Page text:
An ingenious way in which North Korea earns foreign exchange is by renting out its embassy buildings abroad, like in the German capital Berlin, although a UN resolution has explicitly banned this very practice.
A raft of stringent international sanctions has so far failed to make a serious dent on the coffers of the reclusive communist regime in North Korea.
One reason behind it is the continuing trade with China, which does not want to see an economic collapse in the North. Another factor is that the regime in Pyongyang apparently continues to have clandestine channels of financing. The money obtained by these means is used to pep up domestic support for the regime.
One of the least secretive sources of foreign exchange is the renting out or leasing of North Korean embassies abroad. The tactic has rattled many foreign governments.
In March, the South Korean news agency Yonhap reported that Bulgarian authorities had reminded North Korea that it's not allowed to rent out its embassy building in Sofia.
Other countries, such as Laos and Egypt, have also expelled North Korean diplomats involved in commercial activities.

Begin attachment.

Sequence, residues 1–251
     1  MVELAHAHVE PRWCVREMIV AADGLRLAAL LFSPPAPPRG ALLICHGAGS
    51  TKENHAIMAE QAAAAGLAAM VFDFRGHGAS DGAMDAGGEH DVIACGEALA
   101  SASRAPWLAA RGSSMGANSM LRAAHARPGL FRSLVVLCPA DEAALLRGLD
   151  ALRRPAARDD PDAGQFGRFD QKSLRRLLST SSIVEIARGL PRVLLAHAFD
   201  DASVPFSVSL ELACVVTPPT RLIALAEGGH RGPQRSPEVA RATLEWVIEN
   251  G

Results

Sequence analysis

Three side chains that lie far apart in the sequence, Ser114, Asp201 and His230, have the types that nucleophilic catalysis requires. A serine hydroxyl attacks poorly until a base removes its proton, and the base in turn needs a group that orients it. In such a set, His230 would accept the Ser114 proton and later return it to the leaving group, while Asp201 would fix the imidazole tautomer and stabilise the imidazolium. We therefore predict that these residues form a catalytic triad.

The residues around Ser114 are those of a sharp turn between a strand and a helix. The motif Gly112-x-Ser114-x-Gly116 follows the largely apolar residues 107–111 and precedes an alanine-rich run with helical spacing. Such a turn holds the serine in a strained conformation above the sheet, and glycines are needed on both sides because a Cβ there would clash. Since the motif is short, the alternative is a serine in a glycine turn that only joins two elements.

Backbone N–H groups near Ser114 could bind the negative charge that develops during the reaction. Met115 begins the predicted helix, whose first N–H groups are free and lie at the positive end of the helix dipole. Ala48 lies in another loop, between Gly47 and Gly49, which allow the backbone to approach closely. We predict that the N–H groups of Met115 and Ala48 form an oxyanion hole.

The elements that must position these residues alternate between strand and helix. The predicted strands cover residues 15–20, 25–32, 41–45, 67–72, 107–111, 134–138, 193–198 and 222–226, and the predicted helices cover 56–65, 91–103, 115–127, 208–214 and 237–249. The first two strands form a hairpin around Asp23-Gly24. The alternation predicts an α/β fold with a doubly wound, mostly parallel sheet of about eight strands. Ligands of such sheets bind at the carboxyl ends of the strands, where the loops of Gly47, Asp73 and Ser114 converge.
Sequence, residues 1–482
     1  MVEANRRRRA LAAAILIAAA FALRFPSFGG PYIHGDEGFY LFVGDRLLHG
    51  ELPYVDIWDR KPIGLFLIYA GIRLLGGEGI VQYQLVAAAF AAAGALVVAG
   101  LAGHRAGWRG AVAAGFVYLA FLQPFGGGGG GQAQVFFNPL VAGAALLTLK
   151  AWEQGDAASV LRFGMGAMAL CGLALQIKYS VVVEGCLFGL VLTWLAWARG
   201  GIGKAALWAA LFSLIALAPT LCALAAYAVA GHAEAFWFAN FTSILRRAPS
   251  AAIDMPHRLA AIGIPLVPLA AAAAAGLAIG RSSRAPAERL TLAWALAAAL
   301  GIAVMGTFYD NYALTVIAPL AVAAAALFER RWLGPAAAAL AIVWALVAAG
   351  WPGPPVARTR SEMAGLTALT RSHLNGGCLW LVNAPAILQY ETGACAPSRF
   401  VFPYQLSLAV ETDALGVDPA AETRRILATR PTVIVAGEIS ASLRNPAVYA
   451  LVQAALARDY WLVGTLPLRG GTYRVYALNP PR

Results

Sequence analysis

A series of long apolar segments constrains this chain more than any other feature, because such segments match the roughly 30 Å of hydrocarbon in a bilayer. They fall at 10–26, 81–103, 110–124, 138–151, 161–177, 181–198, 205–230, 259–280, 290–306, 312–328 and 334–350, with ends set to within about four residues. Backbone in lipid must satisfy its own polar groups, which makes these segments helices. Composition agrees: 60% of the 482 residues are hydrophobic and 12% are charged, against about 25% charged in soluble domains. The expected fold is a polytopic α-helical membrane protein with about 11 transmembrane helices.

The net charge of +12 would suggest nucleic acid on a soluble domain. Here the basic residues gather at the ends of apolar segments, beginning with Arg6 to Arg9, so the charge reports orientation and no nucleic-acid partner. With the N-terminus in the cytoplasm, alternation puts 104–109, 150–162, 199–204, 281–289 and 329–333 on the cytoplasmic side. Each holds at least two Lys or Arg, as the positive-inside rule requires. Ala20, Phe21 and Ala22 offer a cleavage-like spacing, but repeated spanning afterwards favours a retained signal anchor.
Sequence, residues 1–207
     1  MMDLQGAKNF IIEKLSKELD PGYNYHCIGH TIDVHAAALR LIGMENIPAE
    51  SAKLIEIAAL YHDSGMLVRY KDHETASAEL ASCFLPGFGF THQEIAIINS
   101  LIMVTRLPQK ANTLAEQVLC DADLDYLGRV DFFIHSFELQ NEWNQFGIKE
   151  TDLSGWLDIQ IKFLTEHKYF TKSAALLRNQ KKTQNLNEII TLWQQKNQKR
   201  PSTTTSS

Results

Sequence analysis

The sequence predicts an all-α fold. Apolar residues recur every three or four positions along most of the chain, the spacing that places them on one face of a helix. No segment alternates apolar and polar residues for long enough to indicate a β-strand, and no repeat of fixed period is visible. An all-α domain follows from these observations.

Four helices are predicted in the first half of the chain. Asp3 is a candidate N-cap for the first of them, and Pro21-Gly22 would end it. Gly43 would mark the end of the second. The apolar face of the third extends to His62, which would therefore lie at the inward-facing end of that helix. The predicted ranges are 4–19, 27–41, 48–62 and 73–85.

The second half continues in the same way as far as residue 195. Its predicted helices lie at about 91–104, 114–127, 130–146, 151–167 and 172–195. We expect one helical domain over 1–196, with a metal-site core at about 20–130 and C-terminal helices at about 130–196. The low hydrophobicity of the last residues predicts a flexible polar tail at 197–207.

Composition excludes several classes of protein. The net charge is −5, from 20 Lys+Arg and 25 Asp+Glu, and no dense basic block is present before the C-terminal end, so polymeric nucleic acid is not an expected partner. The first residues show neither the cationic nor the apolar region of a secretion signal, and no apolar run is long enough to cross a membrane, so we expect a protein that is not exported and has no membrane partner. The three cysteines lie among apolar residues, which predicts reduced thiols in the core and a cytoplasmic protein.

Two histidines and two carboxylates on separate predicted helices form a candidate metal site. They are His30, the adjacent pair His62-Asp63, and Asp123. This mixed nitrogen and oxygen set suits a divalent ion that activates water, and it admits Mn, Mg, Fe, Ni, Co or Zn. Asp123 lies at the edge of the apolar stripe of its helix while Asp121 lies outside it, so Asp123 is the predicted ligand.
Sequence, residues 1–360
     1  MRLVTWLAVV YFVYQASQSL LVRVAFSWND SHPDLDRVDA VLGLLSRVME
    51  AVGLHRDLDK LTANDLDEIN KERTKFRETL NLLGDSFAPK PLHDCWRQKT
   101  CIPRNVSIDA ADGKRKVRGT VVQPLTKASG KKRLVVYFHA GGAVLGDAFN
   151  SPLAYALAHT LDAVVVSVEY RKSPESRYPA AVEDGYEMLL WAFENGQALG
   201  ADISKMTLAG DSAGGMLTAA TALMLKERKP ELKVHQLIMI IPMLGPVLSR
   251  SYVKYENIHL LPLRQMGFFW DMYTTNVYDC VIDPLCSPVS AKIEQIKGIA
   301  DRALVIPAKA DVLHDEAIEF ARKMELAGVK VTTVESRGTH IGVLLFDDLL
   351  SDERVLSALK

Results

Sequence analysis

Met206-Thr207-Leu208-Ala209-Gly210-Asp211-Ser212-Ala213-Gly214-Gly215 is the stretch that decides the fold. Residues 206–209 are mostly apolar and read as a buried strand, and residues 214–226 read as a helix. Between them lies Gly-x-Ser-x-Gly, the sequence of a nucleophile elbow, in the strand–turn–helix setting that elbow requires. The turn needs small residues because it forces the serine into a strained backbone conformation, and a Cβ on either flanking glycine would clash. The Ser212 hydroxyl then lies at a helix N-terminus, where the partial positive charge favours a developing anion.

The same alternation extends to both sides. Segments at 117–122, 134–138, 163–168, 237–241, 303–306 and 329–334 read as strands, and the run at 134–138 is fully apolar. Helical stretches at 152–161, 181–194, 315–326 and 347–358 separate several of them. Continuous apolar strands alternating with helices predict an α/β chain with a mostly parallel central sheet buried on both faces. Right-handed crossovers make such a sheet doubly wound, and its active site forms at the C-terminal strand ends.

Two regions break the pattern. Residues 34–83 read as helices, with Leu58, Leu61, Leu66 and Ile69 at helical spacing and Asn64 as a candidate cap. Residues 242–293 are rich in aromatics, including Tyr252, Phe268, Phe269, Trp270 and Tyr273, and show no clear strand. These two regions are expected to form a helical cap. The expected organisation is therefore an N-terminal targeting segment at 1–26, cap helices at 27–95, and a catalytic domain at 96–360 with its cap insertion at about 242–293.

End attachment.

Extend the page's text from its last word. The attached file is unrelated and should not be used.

These countries refer to the UN Resolution 2321, passed in November 2016, which states: "All Member States shall prohibit the DPRK from using real property that it owns or leases in their territory for any purpose other than diplomatic or consular activities."
Not far from Berlin's Brandenburg Gate lies the "Cityhostel Berlin," on the Glinkastraße (main picture).
Renting a bed in one of the hostel's shared rooms costs 17 euros per day, while a single individual room costs 35 euros. The building in which the hostel is located is part of the North Korean Embassy in Berlin.
According to a report published by German daily Die Welt, North Korea had been granted "unlimited rights" with regard to the use of the building complex by the former East Germany, prior to German reunification.
A good business?
Since 2007, the building has been rented out to a Berlin hotel operator. In 2008, its renovation began to turn "the numerous offices into comfortable single and multiple bedrooms with modern sanitary facilities," reported German weekly Der Spiegel.
"The building is owned by North Korea," an employee working at the hostel told DW on condition of anonymity. But the person refused to divulge any contractual information.
Germany's foreign ministry refuses to comment on the issue, with the spokesperson merely issuing this statement: "We are closely monitoring potential violations of the sanctions regime imposed by the UN Security Council and, together with our partners, strictly observing the sanctions against North Korea."
The hotel, meanwhile, seems to be doing brisk business, with only a few rooms still remaining available in April and May.